Bankruptcy and Foreclosure

If you have received a foreclosure notice from your mortgage holder, acting quickly and filing for bankruptcy may not save your home, but it can buy you time. How you ultimately benefit depends on whether you file for Chapter 7 or Chapter 13 bankruptcy.

An automatic stay

When you file a petition for either Chapter 7 or Chapter 13 bankruptcy, according to the provisions of the Bankruptcy Code, all collection action by both secured and unsecured creditors must immediately stop. This includes collection action by lenders who are foreclosing on home mortgages. Even if your home has already been scheduled for a foreclosure sale, the date of the sale will be postponed.

Chapter 7 bankruptcy

In most cases of Chapter 7 bankruptcy, you will not be able to save your home, but you can postpone the process and stay in your home for free during the bankruptcy proceedings. The bankruptcy trustee assigned to your case may order the home sold if there is equity that can be used to pay off other creditors.

During the time the automatic stay is in place, you may be able to raise enough money to make the payment necessary to reinstate the mortgage. At the very least, you will be living in your home for free, which should allow you to save enough money to secure different housing when debts are discharged at the end of the bankruptcy proceeding. At that time, the foreclosure process will be allowed to continue.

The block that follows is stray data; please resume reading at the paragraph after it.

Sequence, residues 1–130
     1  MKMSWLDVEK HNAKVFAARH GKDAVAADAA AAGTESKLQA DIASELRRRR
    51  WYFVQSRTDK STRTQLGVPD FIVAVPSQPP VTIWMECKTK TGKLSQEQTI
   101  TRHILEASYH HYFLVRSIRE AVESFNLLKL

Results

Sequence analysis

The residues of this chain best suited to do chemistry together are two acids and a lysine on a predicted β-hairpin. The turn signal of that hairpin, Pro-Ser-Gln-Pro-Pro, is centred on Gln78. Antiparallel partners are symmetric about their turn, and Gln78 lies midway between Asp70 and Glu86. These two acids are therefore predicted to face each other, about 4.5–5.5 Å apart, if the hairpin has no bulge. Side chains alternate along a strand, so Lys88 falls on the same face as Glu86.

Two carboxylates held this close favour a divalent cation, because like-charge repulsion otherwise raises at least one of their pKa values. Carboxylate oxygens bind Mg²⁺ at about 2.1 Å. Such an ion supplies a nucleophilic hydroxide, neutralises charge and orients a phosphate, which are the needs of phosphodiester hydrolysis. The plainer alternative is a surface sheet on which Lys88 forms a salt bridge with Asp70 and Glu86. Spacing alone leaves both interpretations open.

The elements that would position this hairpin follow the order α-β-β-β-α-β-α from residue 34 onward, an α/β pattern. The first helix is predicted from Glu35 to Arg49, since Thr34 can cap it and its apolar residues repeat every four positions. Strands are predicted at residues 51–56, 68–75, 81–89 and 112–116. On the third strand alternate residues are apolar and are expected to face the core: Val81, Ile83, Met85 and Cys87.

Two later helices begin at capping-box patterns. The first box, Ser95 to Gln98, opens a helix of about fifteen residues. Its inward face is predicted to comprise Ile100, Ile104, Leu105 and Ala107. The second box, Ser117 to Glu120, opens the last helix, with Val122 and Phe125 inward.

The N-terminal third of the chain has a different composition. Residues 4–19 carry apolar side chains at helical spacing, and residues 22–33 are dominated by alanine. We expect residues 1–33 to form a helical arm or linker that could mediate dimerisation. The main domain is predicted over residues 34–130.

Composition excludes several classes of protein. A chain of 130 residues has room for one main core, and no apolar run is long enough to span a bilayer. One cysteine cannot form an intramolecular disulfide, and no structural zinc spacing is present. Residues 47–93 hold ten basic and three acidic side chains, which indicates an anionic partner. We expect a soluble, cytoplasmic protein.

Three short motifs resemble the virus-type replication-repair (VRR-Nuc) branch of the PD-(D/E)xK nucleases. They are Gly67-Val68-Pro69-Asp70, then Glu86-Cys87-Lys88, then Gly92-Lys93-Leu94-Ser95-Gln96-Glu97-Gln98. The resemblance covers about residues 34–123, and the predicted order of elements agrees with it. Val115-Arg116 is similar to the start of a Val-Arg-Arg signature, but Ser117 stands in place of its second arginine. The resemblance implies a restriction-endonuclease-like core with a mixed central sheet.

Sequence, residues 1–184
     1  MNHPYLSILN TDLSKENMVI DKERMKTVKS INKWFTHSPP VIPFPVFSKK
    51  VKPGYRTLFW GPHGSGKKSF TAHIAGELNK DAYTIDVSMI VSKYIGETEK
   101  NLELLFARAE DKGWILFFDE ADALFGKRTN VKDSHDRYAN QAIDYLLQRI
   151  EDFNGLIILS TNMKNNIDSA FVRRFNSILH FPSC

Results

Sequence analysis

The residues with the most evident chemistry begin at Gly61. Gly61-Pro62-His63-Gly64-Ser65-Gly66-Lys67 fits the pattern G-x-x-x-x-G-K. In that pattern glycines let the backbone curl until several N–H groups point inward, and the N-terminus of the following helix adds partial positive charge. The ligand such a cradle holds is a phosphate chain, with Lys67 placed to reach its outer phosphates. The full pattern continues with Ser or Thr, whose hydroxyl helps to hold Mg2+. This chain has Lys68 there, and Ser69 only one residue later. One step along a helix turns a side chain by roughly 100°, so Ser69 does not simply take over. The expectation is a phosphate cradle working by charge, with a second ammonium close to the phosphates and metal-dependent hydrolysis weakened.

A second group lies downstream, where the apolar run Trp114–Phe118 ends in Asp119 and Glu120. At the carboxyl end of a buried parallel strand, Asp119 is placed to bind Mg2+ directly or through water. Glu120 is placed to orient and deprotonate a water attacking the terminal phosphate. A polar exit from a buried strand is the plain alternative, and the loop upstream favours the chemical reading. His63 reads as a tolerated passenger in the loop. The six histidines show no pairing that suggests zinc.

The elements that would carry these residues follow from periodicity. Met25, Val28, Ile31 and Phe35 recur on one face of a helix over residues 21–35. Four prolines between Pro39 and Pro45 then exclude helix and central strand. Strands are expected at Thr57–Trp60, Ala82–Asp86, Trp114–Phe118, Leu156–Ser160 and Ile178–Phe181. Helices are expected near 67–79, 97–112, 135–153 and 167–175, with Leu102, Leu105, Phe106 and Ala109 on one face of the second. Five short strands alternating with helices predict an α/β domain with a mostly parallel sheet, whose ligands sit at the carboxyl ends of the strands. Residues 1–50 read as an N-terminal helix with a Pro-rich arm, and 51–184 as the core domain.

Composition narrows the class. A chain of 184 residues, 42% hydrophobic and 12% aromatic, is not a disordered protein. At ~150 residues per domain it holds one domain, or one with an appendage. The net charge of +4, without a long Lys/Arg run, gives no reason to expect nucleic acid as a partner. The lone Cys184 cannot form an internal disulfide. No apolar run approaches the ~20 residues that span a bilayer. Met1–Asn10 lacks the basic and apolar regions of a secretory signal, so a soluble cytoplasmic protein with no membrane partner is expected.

Chapter 13 bankruptcy

Under Chapter 13, you restructure your debts so that you pay some of them back over a three to five year period of time. The law allows you to include the past due mortgage payments (arrearages) in your repayment plan. One problem is that you must have enough income to keep the mortgage current as well as make the payments as required by the bankruptcy court pursuant to your repayment plan.

If you complete your court ordered repayment plan, at the end of the allotted time, you will be able to keep your home and it will be saved from the foreclosure.

Be aware

  • A creditor can file a motion with the court asking for the stay to be lifted for that particular creditor. If the court grants the motion, that creditor can then pursue collection action.
  • There are a couple of exceptions to the automatic stay if you filed for bankruptcy within the last year and the case was dismissed.

An experienced bankruptcy attorney can advise you if any exceptions apply to your case and oppose any creditor’s motion to lift the stay.

Leave a Reply

Your email address will not be published. Required fields are marked *